Creative Technologies (MFA)
The Creative Technologies MFA program is a diverse and dynamic community exploring complex issues in art, design, and technology. Our students create practice-based arts and human-centered design employing interdisciplinary methods within a top research university. Our graduates leave with the conceptual and technical skills needed to work in emerging fields of creative technologies.
MFA students are supported by faculty across all areas of the School of Visual Arts, who help students develop unique practices across wide-ranging subjects that reflect their research interests and passions. Our award-winning faculty are artists with ongoing professional practices. Faculty research is presented at a range of academic symposia and conferences internationally, and their artworks are regularly exhibited at galleries, museums, and film festivals around the world.
Areas of Emphasis
- Art History + Theory
- Code-Enabled Art
- Graphic Design
- Digital Fabrication
- Drawing + Painting
- Interactive Installation
- Laser Scanning
- Projection Mapping
- Sound Art
- Web Design
- Video Art
- Virtual Environments
- 3D Imaging
90 or above.
Yes, we require a portfolio/website in order for our MFA applicant review committee to best assess whether you could succeed in our program.
Yes, we have competitive GTA funding. The 9-month GTA funding for MFA students is contingent upon their appropriate and continued academic, artistic, and assigned job-specific effort and merit. Funding may be revoked at any time if MFA students fail to achieve expected milestones or do not meet their outlined GTA duties. We do not provide funded GTA support to MFAs beyond the four semesters allocated for normal degree completion.
Facilities where MFA students may work are located in several different buildings on the Virginia Tech Blacksburg Campus. The spaces that support MFA courses and student work include the following:
The Armory Building (203 Draper Rd. NW) is home to the school's main office, exhibition venue, and classrooms utilized for undergraduate programs. Located downtown, the Armory provides a lively intersection of the town and campus, and also holds some SOVA faculty offices.
The Armory Art Gallery is operated as an educational and outreach service of the University. Its exhibition calendar includes work by visiting artists, faculty, BFA senior exhibitions, and sometimes MFA students.
The Media Annex, adjacent to the Armory Building downtown, is the primary location for MFA student working space, providing important room for research, studio exploration, and community.
The Media Building, located centrally downtown, is occasionally utilized for School of Visual Arts classrooms, as well as some SOVA faculty offices.
The Creativity and Innovation District LLC Building is centrally located and adjacent to numerous other School of Visual Arts spaces. This building offers state-of-the-art seminar and studio classrooms for studio art courses (such as painting, drawing, and sculpture) as well as graduate critique events, and unique opportunities for performances and screenings in its large venues.
The Digital Arts and Animation Lab (DAAS) is located on the first floor of the Newman Library. The lab contains a render farm as well as 21 Mac computers configured with professional software (including Autodesk Maya, ZBrush, Adobe Suite) to facilitate creative production across digital arts and media technologies.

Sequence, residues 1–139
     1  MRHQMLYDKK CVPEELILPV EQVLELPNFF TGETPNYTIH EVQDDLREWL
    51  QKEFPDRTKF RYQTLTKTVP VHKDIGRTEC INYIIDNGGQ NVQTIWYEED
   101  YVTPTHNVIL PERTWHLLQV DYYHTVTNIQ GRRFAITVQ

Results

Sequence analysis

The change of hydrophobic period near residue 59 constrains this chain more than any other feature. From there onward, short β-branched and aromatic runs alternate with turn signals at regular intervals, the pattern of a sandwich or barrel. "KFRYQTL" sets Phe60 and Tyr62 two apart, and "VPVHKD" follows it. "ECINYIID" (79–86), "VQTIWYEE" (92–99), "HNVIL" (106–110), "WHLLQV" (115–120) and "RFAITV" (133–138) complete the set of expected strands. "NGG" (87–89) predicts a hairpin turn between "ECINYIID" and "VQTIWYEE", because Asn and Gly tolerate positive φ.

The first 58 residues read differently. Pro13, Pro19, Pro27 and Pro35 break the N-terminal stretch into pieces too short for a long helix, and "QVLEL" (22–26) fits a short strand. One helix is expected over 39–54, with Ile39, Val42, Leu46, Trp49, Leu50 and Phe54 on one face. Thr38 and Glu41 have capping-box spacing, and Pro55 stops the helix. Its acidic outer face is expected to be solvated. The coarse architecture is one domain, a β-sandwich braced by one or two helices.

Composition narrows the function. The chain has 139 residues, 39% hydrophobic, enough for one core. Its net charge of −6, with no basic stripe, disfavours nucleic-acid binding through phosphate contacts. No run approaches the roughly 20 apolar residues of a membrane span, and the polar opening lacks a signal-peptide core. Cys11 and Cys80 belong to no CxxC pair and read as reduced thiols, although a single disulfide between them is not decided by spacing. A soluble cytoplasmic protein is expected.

ICAT Box, (CTBOX) located immediately adjacent to DAAS on the first floor of the Newman Library, contains 18 PC computers and software (such as Unity and Unreal Engine) as well as VR headsets and tracking systems, and other equipment for immersive and interactive media development.
Henderson Hall houses the offices of numerous SOVA faculty, classrooms for the Graphic Design program (undergraduate), Art History (serving undergraduate and graduate students), as well as classrooms utilized by the Creative Technologies program. Our equipment check-out storage space is additionally located in this building.
A dedicated studio space for BFA students in their senior year
- Our students additionally have access to fantastic public digital laboratories facilitated by the University Libraries, including the various Media Design Studios, which are spaces for all members of the Virginia Tech campus community to create various types of media, including video, audio, and other multimedia, and access or check out high-end technology. This suite of options includes:
The Prototyping Studio (3D printing, laser cutting, and more)
The Virtual Environments Studio (VR production)
The 3D Scanning Studio (digitization of real world objects)
The Media Recording Studio (recording videos, audio, and music)
- Equipment and Tools accessible to MFAs who have received permission and requisite training include items such as the following:
VR Headsets and Tracking Systems
Plasma, HD and 4K Monitors
Capturing and Recording
3D Laser Scanner
Azure Kinect depth-sensor cameras
DSLR and Digital Video Cameras
Digital Audio Recorders
6mm Cameras, 16mm editing
Tripods, Lighting Kits, Projector Stands
Benq Projectors, Short Throw, 4K and HD
PA System and other audio equipment
Water Vapor Fog Machine
Arduino boards, Raspberry Pi’s, sensors
HAAS 6 Axis Milling Machine
ABB 6 Axis Robotic Arms
Metal Cutters and Curling Rollers
Metal Lathe Machine
Laser and Inkjet Printers
Comprehensive woodshop tools
Ceramic 3D printer
Outside of the School of Visual Arts, all of our students are welcome to use tech studios in the University Library such as the motion capture system and the prototyping studio. And they also have access to an incredible array of media equipment through the Library’s lending desk.